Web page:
Cougar traps set up in Rutland after two dogs nearly attacked

Cougar goes after dogs

Madison Erhardt

Cougar traps have been set up in an area of Rutland near Sylvania Crescent and Leathead Road, not far from Ben Lee Park, after a big cat got a little too close for comfort.

The animal was spotted in the area a number of times in recent days, but its latest attempts at finding dinner prompted the BC Conservation Officer Service to act.

A man posted a picture on a Rutland Facebook group of a cougar in his backyard Sunday morning.

“Primarily, most of the sightings are nocturnal, but yesterday afternoon we had a daylight sighting in the late afternoon," said Ken Owens, Conservation Officer. "And then last night, this morning the cat attempted to attack a dog in somebody’s backyard ... It wasn’t successful in doing that because people protected the dog, ensuring that that didn’t happen.”

Owens says there was a second similar incident reported as well.

“So the message going forward is people really need to protect their pets in their backyards," he said. "Make sure they bring them in and not leaving them out in their backyards, especially in this particular neighbourhood.”

Owens says part of the problem is people have been feeding feral cats in the neighbourhood, and that’s created an easy food source for the cougars.

“There’s a lot of feral cats in that particular area ... we’ve had some incidents where people are feeding feral cats in the neighbourhood and kind of causing a little bit of this problem,” said Owens.

Another concern is around children out trick-or-treating tonight. Owens says it's important to keep wildlife safety in mind while out and about Sunday night.

“Have groups, safety in numbers," he said. "Get some space and distance if you see a cat. Generally speaking [cougars] don’t jeopardize public safety. Their main food source is deer.”

Owens wouldn’t divulge the exact location where the live trap has been set up.

The BC Conservation Officer Service provided the following information for people who encounter a cougar:

STOP – Pick up all small children immediately. Do Not Run. Sudden movement may provoke an attack. Try to back away from the cougar slowly. SPACE and DISTANCE. Never approach a cougar at any time for any reason especially if it is near a kill or with kittens. Cougars will normally avoid a confrontation. Always give a cougar an avenue of escape. Prepare to use your bear spray.

STAY CALM - Talk to the cougar in a confident voice. Maintain eye contact with the cougar. DO Not Turn Your Back on the cougar. Face the cougar and remain upright.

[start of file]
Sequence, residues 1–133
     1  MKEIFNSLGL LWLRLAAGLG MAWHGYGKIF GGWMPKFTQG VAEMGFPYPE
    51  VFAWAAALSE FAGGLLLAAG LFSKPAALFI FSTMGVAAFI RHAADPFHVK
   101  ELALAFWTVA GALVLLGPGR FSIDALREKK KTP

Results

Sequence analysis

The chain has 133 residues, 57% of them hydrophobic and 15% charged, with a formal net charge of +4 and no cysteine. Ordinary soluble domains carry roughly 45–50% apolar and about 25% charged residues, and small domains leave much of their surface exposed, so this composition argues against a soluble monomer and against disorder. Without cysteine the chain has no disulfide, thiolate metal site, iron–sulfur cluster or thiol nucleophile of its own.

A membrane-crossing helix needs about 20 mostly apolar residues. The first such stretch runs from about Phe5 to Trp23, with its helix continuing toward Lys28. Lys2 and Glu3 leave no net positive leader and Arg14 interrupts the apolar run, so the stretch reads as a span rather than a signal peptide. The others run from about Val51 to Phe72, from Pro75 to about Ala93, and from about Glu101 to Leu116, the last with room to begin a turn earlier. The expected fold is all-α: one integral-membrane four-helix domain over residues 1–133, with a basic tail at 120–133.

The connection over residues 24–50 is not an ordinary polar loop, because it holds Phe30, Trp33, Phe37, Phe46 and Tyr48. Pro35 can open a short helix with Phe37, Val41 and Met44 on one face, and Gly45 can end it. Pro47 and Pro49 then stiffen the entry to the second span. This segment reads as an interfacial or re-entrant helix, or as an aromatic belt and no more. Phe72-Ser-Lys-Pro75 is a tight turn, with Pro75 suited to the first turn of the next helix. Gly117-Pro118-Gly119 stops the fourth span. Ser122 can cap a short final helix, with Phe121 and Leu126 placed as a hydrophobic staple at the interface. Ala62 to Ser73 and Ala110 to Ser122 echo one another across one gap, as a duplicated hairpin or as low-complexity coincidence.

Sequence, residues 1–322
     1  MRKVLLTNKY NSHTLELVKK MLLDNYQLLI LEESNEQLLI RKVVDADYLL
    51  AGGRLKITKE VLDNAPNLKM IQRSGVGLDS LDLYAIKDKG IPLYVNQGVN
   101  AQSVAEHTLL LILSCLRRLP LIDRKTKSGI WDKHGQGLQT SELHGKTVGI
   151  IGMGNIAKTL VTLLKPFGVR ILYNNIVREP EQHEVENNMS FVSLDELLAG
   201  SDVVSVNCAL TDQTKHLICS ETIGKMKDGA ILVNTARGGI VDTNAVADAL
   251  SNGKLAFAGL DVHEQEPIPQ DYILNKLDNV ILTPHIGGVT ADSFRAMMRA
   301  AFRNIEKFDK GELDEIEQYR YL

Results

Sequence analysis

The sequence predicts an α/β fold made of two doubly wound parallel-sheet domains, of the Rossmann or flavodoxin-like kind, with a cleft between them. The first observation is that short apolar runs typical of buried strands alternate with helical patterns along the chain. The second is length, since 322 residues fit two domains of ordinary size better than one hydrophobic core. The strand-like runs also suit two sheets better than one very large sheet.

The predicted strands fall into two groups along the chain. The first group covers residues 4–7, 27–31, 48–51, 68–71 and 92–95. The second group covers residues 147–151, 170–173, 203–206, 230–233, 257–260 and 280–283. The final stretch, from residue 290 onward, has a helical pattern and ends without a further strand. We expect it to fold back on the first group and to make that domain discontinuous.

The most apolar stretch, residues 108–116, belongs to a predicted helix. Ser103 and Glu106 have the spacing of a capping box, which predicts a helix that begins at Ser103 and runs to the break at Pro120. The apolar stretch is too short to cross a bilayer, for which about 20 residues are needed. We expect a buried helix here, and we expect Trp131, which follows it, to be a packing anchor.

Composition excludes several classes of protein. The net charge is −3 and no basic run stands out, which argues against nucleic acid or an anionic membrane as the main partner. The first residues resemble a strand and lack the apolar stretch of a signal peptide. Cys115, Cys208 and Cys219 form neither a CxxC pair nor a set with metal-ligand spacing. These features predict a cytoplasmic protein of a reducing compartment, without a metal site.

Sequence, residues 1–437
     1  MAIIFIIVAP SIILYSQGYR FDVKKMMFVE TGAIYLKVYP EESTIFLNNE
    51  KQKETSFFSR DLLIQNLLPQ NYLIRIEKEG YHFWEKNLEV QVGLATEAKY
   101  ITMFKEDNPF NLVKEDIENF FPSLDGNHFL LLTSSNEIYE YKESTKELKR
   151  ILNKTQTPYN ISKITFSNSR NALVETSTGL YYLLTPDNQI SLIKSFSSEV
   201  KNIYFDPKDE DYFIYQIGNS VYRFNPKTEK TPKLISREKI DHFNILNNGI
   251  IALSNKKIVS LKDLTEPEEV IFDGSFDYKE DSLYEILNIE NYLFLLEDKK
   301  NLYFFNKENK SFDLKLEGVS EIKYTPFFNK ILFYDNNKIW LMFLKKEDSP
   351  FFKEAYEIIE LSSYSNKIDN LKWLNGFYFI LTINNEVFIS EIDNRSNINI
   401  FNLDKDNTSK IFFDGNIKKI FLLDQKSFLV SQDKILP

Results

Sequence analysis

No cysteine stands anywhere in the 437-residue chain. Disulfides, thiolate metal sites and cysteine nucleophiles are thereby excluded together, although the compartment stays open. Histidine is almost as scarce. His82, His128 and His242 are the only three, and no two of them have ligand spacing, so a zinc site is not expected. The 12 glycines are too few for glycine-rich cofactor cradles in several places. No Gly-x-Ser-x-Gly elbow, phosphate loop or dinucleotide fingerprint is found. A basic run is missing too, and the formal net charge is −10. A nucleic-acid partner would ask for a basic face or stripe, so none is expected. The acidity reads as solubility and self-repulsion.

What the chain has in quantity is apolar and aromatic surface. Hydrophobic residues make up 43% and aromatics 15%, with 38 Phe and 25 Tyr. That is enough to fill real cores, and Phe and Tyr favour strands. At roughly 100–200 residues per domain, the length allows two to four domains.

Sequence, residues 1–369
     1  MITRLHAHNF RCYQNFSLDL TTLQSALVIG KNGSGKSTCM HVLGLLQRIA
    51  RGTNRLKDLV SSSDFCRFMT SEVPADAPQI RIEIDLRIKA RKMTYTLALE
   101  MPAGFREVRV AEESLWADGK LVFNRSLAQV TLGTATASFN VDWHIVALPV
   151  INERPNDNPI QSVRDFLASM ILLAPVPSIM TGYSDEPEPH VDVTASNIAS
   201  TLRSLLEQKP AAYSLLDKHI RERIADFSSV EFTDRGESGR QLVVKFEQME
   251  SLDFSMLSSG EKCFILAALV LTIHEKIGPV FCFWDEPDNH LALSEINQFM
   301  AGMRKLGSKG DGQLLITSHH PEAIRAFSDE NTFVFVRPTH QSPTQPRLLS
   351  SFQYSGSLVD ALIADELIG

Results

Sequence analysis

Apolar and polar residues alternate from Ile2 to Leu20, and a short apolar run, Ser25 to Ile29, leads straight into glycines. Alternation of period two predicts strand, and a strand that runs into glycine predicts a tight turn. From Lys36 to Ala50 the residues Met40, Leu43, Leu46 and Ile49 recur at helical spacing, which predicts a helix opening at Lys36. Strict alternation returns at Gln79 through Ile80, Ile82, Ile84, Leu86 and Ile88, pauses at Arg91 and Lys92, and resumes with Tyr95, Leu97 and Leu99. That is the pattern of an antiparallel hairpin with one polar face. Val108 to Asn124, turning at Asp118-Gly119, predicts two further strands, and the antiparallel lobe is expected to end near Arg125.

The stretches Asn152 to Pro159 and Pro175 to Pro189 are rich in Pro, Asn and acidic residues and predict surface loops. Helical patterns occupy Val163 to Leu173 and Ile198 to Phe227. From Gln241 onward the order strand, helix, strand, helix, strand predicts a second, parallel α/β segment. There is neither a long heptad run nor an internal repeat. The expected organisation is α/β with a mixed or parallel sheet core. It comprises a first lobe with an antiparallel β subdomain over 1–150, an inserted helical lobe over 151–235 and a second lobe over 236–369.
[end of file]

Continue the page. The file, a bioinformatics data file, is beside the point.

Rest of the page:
APPEAR LARGE – Make yourself look larger than the cougar. Do Not Bend Over or Crouch Down. Raise your hands hold your coat open. Move to higher ground if nearby. Throw sticks, rocks, branches or other objects if within reach.

BE PREPARED – bear spray, noise maker and walking stick; these can be used for protection in the event of an encounter. Cougars can be attracted to dogs. So it is best to have your dog at home. If you do travel with a dog keep it close and on a leash at all times. Carry a cell phone to call for help in the event of trouble.

If a Cougar Behaves Aggressively

If a cougar shows interest or follows you, respond aggressively. Maintain eye contact, show your teeth and make loud noises. Arm yourself with rocks or sticks as weapons. When picking up objects crouch down as little as possible. Prepare to use your bear spray.

If a cougar attacks FIGHT BACK - Convince the cougar you are a threat and not prey. Many People have survived cougar attacks by fighting back by using anything, including rocks, sticks, bare fists and fishing poles. Focus your attack on the cougar’s face and eyes. If you’re knocked down, get back up. NEVER PLAY DEAD with a cougar.

The Conservation Officer Service is reminding the public when sighting a cougar or experiencing cougar pet/livestock depredation the importance of immediately calling the Conservation Officer Service’s 24/7 call center Report All Poachers and Polluters (RAPP) toll free line at 1-877-952-7277, cellular dial #7277 or on line at www.rapp.bc.ca .

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